I'm reading Writing the Breakout Novel by Donald Maass of the Donald Maass Literary Agency in New York City.
His premise seems to be this: the type of reception our writing receives is usually a direct reflection of the writing itself. That means, much as we'd like to blame too much competition, a poor economy, not enough access to major publishers and close-minded agents/publishers who can't see genius, the bottom line is that our writing is mediocre. That's a bitter pill to swallow, which is probably why most of us work so hard to point the finger at some other reason.
In the nineties, when the publishing industry became a lot more hostile due to the consolidation of major publishing houses and the demise of smaller ones, I remember getting angry with a book critic — I've forgotten which one — who more or less wrote a good riddance to the concept of the mid-list author. The very fact that they're mid-list means they're work is only okay. Why boo-hoo the disappearance of mediocrity? Why not look for and reward the exceptional?
The implication is that while many of us may be good writers, we're not great writers, not only because we lack the tools with which to create a fantastic story — we might be very good in plot and dialogue, for example, but lousy in character development and setting scenes — but we don't seem to know we lack those tools, or if we do, we're too lazy to take the steps necessary to do the job not just right, but beyond our expectations and those of our readers.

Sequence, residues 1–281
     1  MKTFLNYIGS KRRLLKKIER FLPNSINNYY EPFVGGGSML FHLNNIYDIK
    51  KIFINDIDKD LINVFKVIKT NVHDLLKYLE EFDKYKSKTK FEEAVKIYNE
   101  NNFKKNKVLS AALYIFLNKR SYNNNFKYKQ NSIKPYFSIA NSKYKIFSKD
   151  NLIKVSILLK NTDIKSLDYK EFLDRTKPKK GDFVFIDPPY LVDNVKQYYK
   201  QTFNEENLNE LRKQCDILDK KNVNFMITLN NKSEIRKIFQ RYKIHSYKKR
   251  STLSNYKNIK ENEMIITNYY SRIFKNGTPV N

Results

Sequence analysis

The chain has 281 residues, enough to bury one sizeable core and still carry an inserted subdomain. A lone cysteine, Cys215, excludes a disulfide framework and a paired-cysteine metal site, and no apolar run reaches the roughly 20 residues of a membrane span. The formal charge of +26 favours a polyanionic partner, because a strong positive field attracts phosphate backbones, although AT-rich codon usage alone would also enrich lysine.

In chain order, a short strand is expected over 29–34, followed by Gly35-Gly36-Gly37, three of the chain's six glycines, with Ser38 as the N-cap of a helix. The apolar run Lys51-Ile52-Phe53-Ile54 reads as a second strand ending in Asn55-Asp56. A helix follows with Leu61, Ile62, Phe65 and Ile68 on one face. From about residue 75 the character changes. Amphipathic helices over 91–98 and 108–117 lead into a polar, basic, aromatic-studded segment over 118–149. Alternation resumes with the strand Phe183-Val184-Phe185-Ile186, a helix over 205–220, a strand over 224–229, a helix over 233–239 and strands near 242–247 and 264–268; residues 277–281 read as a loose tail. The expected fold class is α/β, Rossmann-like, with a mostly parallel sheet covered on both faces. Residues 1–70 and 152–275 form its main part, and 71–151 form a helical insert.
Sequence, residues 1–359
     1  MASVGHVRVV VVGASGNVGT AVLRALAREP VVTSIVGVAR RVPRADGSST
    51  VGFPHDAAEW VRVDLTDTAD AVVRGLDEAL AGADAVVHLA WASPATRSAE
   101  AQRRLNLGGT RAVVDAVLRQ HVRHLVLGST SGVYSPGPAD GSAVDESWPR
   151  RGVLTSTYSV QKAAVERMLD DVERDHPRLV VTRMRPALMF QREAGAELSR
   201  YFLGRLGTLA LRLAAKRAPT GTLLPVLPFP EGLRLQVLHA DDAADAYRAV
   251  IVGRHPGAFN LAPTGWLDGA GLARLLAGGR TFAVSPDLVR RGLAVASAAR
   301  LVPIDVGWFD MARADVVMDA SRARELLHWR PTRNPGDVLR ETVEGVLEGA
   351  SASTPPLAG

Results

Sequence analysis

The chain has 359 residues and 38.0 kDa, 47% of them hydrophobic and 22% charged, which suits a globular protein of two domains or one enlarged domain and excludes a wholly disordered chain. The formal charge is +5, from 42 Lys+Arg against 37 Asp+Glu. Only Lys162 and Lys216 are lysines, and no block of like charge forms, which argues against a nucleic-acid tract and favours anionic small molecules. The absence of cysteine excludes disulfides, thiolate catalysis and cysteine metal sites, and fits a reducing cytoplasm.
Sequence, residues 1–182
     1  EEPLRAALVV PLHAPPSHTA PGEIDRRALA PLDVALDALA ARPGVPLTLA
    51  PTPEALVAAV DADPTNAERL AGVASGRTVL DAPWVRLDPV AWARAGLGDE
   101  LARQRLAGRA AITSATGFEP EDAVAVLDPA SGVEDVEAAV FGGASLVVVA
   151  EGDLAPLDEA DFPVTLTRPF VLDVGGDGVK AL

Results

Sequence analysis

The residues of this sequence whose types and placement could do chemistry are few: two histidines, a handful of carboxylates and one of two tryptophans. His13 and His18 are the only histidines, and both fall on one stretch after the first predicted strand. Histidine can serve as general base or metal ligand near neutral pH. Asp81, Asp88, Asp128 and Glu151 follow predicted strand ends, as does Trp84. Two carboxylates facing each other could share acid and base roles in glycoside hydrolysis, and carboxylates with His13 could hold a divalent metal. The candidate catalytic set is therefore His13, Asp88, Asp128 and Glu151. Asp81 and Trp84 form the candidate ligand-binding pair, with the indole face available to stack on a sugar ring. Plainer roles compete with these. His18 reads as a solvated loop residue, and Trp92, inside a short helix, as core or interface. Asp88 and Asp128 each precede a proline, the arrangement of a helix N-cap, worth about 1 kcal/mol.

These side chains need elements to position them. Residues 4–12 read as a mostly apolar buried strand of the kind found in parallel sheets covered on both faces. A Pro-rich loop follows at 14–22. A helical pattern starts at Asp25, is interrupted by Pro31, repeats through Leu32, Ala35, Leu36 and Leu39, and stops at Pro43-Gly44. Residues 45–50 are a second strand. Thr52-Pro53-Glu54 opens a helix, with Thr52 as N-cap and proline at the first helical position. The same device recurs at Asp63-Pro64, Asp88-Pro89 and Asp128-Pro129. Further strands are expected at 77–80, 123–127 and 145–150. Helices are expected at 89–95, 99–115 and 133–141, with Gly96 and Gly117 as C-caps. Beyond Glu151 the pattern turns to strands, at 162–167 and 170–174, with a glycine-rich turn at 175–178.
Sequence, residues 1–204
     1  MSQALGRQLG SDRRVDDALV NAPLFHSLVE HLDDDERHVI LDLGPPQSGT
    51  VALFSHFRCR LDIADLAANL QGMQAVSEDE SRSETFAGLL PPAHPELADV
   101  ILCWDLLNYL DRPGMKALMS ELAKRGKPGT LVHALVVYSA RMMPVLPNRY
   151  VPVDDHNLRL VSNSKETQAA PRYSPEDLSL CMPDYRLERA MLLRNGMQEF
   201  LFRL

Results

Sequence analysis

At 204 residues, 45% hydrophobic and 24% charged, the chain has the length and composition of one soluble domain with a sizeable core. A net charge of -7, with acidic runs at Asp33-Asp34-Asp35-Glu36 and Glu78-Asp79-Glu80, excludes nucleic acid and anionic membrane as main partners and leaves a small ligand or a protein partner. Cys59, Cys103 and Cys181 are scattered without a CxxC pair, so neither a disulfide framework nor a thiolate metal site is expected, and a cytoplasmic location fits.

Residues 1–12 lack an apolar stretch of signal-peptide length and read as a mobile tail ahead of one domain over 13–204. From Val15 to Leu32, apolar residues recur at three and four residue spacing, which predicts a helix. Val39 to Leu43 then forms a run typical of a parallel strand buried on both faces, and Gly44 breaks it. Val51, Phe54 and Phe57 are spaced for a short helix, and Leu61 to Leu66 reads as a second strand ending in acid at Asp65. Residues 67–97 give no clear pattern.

How can we be sure that might be our situation? By looking at how people react to our stories. If our stories are exceptional, they'll not only sell, but start a word-of-mouth wildfire, what Mr. Maass considers the premier indicator of a breakout novel.
That kind of excitement by the reading public is not the product of luck, Mr. Maass argues, but rather of writers who acquire the skills necessary to create exactly the effect they want:
To write a breakout novel is to run free of the pack. It is to delve deeper, think harder, revise more, and commit to creating characters and plot that surpass one’s previous accomplishments. It is to say “no” to merely being good enough to be published.
It is to a commitment to quality.
What do you think?